Circumcision Causes Lifelong Harm, Concludes New Research U.S. attorney warns doctors, "The foundation is well laid for lawsuits."

A new study on circumcision in the latest edition of Journal of Health Psychology concludes that the surgery causes a host of psychological problems-including Post-Traumatic Stress Disorder (PTSD)-in adults who have suffered the surgery as babies. The study is due on doctor's desks this week.

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(PRWEB) June 26, 2002

CIRCUMCISION RESOURCE CENTER

P.O. Box 232, Boston, MA 02133, Tel/Fax (617)523-0088

http://www.circumcision.org crc@circumcision.org

NEWS RELEASE     FOR IMMEDIATE RELEASE

Circumcision Causes Lifelong Harm, Concludes New Research

U.S. attorney warns doctors, "The foundation is well laid for lawsuits."

BOSTON (Monday, June 24, 2002) - A new study on circumcision in the latest

edition of Journal of Health Psychology concludes that the surgery causes a

host of psychological problems-including Post-Traumatic Stress Disorder

(PTSD)-in adults who have suffered the surgery as babies. The study is due

on doctor's desks this week.

"Half of all men who were circumcised as babies have some degree of PTSD.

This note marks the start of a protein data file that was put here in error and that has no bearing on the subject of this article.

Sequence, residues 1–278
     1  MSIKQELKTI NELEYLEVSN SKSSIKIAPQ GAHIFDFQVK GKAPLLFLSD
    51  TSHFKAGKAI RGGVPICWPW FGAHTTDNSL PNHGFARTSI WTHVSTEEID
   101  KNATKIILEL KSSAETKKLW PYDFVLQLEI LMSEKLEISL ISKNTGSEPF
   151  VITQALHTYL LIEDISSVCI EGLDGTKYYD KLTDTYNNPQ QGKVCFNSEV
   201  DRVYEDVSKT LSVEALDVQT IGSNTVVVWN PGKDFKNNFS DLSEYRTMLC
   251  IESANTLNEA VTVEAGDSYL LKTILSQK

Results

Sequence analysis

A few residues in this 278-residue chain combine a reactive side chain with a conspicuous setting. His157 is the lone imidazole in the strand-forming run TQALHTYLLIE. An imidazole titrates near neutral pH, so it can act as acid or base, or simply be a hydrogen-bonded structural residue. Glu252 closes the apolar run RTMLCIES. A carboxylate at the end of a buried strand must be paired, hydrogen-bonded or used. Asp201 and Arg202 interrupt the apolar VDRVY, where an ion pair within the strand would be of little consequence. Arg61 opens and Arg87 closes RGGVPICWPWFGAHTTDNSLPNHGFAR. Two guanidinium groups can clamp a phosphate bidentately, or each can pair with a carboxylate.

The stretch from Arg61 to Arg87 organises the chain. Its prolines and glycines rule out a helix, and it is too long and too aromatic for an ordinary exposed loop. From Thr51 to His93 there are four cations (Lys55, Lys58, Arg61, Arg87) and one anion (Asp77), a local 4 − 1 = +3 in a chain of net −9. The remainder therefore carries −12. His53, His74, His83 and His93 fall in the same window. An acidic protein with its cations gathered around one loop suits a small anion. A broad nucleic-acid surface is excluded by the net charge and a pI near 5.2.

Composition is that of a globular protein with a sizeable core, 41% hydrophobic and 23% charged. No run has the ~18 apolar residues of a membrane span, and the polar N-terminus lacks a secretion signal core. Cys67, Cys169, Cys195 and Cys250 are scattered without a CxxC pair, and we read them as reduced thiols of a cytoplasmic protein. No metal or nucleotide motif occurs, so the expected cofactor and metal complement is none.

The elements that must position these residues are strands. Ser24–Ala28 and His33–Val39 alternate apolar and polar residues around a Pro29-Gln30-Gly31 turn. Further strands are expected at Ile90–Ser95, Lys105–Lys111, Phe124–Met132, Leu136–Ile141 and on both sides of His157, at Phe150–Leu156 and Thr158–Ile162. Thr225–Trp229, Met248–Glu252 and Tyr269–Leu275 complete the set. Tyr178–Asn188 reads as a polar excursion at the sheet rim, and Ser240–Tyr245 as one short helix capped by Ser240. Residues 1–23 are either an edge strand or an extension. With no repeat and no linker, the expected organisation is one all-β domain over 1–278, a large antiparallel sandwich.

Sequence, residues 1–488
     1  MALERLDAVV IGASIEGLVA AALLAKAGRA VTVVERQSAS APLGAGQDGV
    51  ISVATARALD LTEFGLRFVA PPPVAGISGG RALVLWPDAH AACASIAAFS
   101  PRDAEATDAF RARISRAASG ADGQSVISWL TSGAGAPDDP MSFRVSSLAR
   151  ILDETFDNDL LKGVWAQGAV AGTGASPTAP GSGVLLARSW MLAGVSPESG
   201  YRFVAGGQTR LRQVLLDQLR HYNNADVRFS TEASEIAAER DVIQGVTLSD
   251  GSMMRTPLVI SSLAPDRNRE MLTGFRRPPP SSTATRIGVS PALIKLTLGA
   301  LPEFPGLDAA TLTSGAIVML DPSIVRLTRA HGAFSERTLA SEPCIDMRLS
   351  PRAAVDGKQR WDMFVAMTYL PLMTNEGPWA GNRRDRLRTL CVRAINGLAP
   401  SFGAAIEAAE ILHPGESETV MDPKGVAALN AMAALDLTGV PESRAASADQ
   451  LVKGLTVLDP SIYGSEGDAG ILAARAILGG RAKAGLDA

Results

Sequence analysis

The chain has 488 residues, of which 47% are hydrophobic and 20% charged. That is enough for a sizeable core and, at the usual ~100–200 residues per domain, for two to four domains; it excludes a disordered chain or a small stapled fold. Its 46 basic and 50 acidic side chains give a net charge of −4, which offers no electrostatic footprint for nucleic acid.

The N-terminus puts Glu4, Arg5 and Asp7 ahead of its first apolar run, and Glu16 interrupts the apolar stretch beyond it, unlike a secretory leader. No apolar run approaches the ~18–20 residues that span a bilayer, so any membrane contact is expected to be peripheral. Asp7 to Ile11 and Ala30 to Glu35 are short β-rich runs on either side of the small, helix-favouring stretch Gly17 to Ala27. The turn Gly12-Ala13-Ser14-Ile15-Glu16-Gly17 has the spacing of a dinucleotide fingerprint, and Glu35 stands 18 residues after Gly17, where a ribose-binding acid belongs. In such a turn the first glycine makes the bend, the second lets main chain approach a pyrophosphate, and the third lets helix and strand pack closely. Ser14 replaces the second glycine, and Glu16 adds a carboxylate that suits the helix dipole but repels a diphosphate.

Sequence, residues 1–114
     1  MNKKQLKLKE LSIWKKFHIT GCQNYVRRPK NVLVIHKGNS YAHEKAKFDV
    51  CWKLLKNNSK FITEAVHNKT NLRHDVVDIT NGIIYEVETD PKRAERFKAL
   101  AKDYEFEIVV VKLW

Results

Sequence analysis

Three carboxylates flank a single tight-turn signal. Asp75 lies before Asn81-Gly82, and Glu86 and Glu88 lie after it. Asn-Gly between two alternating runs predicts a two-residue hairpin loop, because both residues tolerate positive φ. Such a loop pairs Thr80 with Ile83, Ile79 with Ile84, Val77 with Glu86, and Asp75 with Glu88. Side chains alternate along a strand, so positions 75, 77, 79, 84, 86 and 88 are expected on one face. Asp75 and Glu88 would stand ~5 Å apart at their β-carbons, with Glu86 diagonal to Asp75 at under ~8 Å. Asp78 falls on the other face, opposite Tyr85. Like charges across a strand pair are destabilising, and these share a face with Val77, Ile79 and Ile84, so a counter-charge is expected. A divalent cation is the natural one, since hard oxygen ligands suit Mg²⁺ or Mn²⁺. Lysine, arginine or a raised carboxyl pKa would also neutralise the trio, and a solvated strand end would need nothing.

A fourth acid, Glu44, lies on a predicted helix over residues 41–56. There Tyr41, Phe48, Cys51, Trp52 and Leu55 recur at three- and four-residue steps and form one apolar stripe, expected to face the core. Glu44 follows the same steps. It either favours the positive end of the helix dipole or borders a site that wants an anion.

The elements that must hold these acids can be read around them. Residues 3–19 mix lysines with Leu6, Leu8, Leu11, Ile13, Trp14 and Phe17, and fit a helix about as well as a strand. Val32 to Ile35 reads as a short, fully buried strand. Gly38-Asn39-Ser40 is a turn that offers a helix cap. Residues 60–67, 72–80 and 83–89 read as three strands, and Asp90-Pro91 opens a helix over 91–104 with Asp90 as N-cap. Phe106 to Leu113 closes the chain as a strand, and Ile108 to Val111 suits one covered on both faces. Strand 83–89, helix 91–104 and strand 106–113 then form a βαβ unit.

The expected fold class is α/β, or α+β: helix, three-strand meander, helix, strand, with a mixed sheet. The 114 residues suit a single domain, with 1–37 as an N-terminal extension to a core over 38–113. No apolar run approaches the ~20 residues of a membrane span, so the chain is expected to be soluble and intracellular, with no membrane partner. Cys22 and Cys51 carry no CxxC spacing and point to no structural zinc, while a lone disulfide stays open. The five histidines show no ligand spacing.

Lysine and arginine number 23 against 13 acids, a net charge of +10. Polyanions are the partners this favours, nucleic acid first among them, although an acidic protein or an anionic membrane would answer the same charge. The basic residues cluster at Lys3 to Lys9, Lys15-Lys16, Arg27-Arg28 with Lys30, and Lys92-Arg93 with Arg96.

PTSD is what happened to men who went to Vietnam, and parents are doing it

to their babies," said J. Steven Svoboda, Executive Director of Attorneys

for the Rights of the Child, a lawyer and co-author of the study.

The study concludes that the trauma of circumcision affects the developing

brains of babies, and as a result, they may later suffer a host of

psychological problems as adults, including "depression and a sense of

personal vulnerability," in extreme cases causing the men to react in

"aggressive, violent, and/or suicidal behavior."

"We're hearing from a lot more men about emotional difficulties, sexual

difficulties, and psychological problems that they are attributing to their

circumcision," said Ron Goldman, Ph.D., Executive Director of the

Circumcision Resource Center in Boston, a psychologist, and another

co-author of the study with two other academics, "and it brings the

attention to mental health professionals that circumcision may be the cause

of some of the problems that they are diagnosing in men."